Growing slow but steady
Open source has been slow to pick up in the enterprise segment.
Here is a look at what India Inc. plans to do with open source software in the
present fiscal. by Anil Patrick R and Shivani Shinde
There is no clear-cut roadmap for open systems. It is
largely limited to smaller applications
Many Indian organisations have already made considerable investments
in open source, as the Infrastructure Strategies (IS) 2005 survey reveals. Going
forward, adoption rates will grow, slowly yes, but steadily nevertheless.
Head - IT, IDBI Bank
The widespread use of open source operating systems (primarily
Linux) for core applications is still far away. However, Linux is being used
in other enterprise applications (such as messaging, databases and so on). For
example, IDBI bank runs its IVR and phone banking solutions on open source software.
The bank is also in the process of implementing Oracle HRMS on Linux. According
to Sanjay Sharma, Head - IT, IDBI Bank, "As of now, there is no clear-cut
roadmap for open systems. It is largely limited to smaller applications. Therefore,
organisations are trying out open source in a phased manner."
If Windows is favoured by many, Linux is slowly making inroads on the server
front and it is already used by 39 percent of surveyed organisations.
|Growing slow but steady
Despite what the nay sayers try to preach, there
is no denying the fact that open source is slowly carving out a niche
for itself. While it is still far from the enterprise core, it is surely
heading that way.
Open source if implemented right can provide business
benefits comparable to any of the traditional closed source options. Start
with non-critical applications and move upwards.
Linux is on an equal footing with Windows 2003 server (both
OSs rack up 39 percent of respondents as users with possible overlaps where
both are deployed in the same organisation). Refer to Figure: Existing server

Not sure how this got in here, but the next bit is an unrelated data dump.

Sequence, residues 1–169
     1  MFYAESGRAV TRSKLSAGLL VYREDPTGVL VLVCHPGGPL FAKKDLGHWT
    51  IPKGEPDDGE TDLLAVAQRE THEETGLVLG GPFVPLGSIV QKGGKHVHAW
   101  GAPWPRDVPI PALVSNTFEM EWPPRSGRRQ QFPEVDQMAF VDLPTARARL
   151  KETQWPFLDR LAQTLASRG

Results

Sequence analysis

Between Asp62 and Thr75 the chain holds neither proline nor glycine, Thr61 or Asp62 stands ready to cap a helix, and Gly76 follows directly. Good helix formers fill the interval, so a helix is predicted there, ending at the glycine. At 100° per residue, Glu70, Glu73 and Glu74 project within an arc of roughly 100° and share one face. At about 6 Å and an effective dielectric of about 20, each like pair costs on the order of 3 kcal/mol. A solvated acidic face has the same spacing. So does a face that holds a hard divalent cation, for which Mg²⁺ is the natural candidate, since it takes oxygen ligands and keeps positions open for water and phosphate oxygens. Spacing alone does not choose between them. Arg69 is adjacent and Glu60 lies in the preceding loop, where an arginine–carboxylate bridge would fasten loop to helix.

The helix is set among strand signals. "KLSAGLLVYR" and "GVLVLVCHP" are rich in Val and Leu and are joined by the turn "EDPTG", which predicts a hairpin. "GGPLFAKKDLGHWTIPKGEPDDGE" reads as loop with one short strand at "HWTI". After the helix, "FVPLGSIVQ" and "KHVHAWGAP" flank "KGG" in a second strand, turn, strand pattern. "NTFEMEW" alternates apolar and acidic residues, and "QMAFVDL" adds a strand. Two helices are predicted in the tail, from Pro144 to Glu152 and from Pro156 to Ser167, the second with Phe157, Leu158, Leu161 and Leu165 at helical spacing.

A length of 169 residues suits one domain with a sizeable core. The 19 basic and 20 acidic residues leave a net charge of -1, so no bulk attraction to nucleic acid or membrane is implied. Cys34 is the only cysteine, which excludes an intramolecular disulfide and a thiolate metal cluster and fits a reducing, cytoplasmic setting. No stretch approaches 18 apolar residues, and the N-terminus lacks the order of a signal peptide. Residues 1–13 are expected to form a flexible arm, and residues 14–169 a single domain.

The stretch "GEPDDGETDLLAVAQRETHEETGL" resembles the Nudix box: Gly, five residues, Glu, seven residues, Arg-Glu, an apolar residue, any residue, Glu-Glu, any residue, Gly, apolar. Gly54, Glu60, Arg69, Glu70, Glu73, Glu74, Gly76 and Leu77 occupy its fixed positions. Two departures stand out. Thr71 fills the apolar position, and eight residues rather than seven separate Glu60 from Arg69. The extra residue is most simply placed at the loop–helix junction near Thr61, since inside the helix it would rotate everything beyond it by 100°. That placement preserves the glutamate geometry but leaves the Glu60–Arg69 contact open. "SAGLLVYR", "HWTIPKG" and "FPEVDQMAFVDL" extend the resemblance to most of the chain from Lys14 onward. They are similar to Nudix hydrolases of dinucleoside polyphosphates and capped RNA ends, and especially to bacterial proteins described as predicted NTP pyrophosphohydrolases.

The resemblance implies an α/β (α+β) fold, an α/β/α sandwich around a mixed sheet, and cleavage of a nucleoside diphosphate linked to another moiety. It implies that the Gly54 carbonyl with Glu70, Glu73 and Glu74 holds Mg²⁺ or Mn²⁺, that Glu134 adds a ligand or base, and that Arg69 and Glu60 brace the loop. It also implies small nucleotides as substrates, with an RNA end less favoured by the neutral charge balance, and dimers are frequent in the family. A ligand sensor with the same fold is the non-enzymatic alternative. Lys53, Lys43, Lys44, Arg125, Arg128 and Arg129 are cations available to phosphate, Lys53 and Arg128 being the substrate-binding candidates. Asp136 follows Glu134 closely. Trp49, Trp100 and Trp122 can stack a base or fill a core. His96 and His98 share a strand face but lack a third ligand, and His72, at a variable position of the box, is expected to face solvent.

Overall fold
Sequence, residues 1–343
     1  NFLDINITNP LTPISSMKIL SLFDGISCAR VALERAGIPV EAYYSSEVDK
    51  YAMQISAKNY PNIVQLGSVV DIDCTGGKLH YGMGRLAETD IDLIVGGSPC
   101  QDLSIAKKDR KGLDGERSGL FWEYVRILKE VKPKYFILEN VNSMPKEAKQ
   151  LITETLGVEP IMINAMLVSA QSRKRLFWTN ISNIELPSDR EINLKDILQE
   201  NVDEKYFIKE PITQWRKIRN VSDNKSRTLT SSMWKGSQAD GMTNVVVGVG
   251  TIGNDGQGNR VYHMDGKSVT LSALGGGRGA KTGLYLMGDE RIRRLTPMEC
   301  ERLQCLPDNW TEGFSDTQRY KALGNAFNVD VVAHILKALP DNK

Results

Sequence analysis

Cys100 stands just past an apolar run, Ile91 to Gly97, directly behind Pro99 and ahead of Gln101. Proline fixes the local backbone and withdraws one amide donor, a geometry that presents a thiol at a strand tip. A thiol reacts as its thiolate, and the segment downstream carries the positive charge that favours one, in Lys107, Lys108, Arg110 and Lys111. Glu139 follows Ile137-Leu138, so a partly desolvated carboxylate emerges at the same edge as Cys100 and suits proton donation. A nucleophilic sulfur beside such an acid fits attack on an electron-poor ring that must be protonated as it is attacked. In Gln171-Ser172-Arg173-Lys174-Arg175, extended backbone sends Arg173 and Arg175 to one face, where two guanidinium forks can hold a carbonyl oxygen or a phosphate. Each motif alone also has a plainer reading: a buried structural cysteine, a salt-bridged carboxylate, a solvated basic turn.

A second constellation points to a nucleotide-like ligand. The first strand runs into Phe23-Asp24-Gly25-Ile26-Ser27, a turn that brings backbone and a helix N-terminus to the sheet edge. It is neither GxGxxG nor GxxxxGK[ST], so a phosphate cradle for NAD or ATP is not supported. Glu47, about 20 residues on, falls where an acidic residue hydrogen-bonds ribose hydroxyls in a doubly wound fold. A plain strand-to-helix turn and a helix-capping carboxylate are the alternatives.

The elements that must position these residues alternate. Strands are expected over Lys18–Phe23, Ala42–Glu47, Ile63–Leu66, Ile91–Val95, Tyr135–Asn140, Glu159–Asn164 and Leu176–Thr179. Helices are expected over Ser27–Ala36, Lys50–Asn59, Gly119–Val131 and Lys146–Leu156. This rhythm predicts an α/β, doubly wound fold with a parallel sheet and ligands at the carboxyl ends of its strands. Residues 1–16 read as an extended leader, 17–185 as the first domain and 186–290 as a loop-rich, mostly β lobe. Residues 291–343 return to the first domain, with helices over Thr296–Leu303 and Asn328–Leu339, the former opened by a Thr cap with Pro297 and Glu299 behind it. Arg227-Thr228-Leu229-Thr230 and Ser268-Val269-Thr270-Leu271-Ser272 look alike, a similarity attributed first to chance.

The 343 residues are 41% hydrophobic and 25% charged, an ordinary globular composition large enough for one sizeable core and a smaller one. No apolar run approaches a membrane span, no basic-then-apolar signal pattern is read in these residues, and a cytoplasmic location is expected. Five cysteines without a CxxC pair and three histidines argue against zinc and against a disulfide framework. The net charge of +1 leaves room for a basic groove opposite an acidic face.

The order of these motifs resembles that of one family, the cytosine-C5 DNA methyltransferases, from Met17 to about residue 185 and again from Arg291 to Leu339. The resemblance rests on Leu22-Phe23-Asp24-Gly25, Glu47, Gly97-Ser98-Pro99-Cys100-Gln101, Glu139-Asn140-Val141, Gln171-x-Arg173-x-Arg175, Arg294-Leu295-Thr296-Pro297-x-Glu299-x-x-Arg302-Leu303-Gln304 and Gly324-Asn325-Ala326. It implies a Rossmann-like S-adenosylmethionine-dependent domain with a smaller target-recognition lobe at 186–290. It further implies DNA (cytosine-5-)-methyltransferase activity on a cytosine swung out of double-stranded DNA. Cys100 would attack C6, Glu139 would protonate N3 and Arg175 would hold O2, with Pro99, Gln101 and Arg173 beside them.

infrastructure to see how Linux fares vis-à-vis competing OSs.
Linux is most popular in the telecom vertical with 67 percent of organisations
having deployed it. BPO and oil/power follow with adoption rates of 54 and 50
One of the main reasons for choosing Linux is the ongoing shift from Unix or
proprietary server platforms. Many organisations are moving to Linux as an alternative
Unix platform that runs on off-the-shelf hardware. Says Arun Gupta, Senior Director
for Business Technology, Pfizer, "Linux provides significant savings over
conventional Unix machines. There has been an upward movement in Linux adoption.
In most cases, it is not replacing Windows."
Linux follows Windows 2000 with 32 percent of respondents opting to invest in
it this fiscal. The Figure: Planned server infrastructure investments represents
the planned Linux investments during 2005-06.
Linux provides significant savings over conventional
Linux is popular in the telecom vertical where no less than
83 percent plan to invest in it during 2005-06. The pharmaceutical/ chemical
and services segments follow with 39 and 38 percent respectively planning to
deploy Linux this fiscal. Red Hat remains the preferred Linux server flavour
with 89 percent of organisations that intend to deploy Linux naming it as their
distribution of choice. Linux will see increased adoption this year.
The road ahead
- Linux is used by 39 percent of the surveyed
- The telecom sector is the biggest user
of Linux at present with two out of